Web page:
Moonstone Bank Is “Still Waiting” To See What Happens With FTX/Alameda $11.5 Million Seed Investment

Documents in the failed crypto exchange FTX’s bankruptcy recently revealed that the firm–through its sister hedge fund Alameda–infused $11.5 million into Moonstone Bank, formerly Farmington State Bank. As more questions are raised than answers, the bank’s chief digital officer Janvier Chalopin attempted to clear the air about the curious stake.

The investment, according to Chalopin, was a “seed funding… to execute [their] new plan of being a tech focused bank.” He added that the investment was for 10% of the bank, valuing Moonstone at $115 million – a considerable boost in value considering the bank had just $10 million in customer deposits and only 25 staff at the time.

In March, Alameda spent $11.5 million on Farmington State Bank’s parent company, FBH. According to the Federal Deposit Insurance Corporation, the bank’s net worth was $5.7 million; it was the 26th-smallest bank in the country out of 4,800 at the time of the investment. It only had a single location and three staff as of this year prior to the acquisition. It didn’t even have online banking or a credit card.

But it is not only the peculiar stake that raised some questions. Back in 2020, Farmington State Bank was acquired by FBH whose chairman was Jean Chalopin, Janvier’s father. He is also the chairman of Deltec Bank, which, like FTX, is based in the Bahamas–but its most well-known client is a $65-billion crypto firm called Tether.

It’s unclear how FTX–based in Bahamas–was permitted to acquire a stake in a US-licensed bank, which would require approval from federal regulators. Banking professionals say it’s difficult to believe authorities would have knowingly permitted FTX to take control of a US bank.

When asked what would happen to that funding now that Alameda and FTX have gone bankrupt, he stated that the bank is “still waiting,” but that “[the equity] would follow the bankruptcy proceedings and be sold at some point.”

Chalopin, on the other hand, does not see Alameda’s demise as a significant challenge to the bank, saying “reputationally, [it’s] sad to see PR coming out negatively against us while we’re in early startup mode.”

Farmington State Bank was formed in 1929. A British citizen named Archie Chan acquired the bank in 1995, owning it until FBH bought it in 2020. In 2010, John Widman, the bank’s president, boasted about not offering credit cards, having more deposits than loans, and being a hobby farmer.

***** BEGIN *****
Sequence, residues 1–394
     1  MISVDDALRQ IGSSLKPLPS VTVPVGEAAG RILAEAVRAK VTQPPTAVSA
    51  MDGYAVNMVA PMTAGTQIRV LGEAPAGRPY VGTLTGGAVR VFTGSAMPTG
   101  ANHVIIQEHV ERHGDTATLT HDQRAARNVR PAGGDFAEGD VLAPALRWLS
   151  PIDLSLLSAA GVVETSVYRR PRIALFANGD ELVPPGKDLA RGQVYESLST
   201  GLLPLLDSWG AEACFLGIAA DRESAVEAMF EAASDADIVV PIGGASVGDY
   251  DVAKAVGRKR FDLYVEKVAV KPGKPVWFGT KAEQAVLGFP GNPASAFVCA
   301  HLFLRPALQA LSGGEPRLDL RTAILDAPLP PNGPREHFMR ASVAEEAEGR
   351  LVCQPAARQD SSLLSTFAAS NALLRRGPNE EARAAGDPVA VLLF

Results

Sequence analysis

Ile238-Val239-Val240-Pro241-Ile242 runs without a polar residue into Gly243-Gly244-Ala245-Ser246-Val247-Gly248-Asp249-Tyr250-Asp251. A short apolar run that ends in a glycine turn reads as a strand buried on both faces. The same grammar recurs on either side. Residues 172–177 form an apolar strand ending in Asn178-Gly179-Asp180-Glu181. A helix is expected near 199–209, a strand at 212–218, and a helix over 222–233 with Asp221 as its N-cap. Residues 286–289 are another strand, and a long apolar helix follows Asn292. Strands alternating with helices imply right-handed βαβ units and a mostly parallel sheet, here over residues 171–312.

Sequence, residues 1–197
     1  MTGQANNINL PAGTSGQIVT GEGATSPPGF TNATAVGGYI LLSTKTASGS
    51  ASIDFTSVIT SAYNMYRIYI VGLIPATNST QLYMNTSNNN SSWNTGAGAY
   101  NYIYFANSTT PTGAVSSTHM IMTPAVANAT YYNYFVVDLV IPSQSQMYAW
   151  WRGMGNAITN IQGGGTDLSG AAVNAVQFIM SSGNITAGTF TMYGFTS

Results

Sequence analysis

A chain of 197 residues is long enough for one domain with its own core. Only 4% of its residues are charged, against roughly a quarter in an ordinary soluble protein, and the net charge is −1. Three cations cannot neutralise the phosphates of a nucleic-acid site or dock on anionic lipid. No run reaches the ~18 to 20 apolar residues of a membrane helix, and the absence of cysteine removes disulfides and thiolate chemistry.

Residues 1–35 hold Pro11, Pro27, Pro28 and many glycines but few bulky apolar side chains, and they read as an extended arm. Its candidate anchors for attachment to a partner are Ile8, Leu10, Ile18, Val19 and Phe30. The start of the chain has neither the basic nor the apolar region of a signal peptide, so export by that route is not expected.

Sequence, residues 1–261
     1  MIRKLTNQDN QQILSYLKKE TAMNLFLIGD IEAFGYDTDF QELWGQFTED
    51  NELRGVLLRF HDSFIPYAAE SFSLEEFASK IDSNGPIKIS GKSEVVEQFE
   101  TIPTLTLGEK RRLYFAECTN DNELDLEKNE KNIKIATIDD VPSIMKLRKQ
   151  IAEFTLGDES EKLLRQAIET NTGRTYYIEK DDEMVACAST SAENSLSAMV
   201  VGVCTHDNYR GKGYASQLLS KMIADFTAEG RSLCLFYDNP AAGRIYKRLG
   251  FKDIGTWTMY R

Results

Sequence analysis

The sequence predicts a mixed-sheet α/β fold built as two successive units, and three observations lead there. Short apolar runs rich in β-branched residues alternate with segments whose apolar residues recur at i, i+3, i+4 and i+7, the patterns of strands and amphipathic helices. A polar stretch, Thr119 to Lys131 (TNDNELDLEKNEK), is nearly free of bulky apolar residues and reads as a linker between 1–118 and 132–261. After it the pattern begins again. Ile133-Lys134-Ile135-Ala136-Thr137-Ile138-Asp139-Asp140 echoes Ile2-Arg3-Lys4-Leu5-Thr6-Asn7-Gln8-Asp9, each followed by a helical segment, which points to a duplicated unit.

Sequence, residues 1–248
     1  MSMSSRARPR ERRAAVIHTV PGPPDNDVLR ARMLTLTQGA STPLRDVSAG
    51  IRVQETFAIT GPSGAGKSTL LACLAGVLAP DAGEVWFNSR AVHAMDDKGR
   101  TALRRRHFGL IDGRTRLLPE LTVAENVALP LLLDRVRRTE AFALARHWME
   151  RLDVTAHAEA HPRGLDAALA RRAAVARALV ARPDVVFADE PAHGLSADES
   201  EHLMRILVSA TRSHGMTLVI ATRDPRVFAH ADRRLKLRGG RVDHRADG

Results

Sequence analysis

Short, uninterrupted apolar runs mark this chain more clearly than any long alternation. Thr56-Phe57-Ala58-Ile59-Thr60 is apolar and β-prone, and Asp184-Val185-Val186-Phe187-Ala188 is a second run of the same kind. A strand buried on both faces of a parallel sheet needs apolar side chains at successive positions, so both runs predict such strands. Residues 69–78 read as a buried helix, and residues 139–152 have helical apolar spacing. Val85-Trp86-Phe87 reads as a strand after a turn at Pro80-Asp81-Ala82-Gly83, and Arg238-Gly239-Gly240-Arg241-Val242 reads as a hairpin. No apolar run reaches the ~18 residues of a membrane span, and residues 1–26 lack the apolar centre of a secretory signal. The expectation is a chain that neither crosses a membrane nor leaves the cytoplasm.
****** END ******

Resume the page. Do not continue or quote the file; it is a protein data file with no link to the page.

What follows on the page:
Farmington’s deposits had remained stable at around $10 million for a decade prior to the acquisition. However, the bank’s deposits increased about 600% to $84 million in the third quarter of this year, presumably after the Alameda investment. Chalopin argued that the bank has had “substantially more customers than that since we opened our doors to friends and family on our new platform.”

The bank trademarked the name Moonstone Bank on March 1, 2022 and changed to that brand three days later. Come March 7, Alameda invested $11.5 million into the newly-named bank.

Chalopin explained that the name was inspired by the startup bank’s two asset classes: “playing on ‘to the moon’ and ‘stone’ for our target industries of digital assets and hemp/cannabis related business.”

He also clarified prior reports saying that the bank had not been a Federal Reserve account holder until last year, indicating that Moonstone had been a Federal Reserve account holder but had “switched from the FDIC as their regulator to the Fed of SF.”

In a bizarre development, Moonstone CEO Ron Oliviera has his LinkedIn account changed from his chief executive position yesterday to having left the bank in August and is now a “self-employed” person. Now, the bank’s website lists Gary Rever as CEO, whose LinkedIn account shows he’s been a director of the bank’s board since February 2021.

Source: Screenshots from @DonutShorts

The curious Farmington investment is one of the many surprises that were revealed during FTX’s bankruptcy proceedings. The crypto exchange, Bankman-Fried’s parents, and senior officials of the firm purchased at least 19 homes in the Bahamas valued at roughly $121 million over the last two year, according to official documents.

In his letter to staff after he signed the bankruptcy papers, Bankman-Fried claimed that there are “potential interest in billions of dollars of funding came in roughly eight minutes” minutes after inking the process final.

“Maybe there still is a chance to save the company. I believe that there are billions of dollars of genuine interest from new investors that could go to making customers whole. But I can’t promise you that anything will happen. Because it’s not my choice,” the FTX founder quipped in the letter.

Information for this briefing was found via Protos and the sources mentioned. The author has no securities or affiliations related to this organization. Not a recommendation to buy or sell. Always do additional research and consult a professional before purchasing a security. The author holds no licenses.

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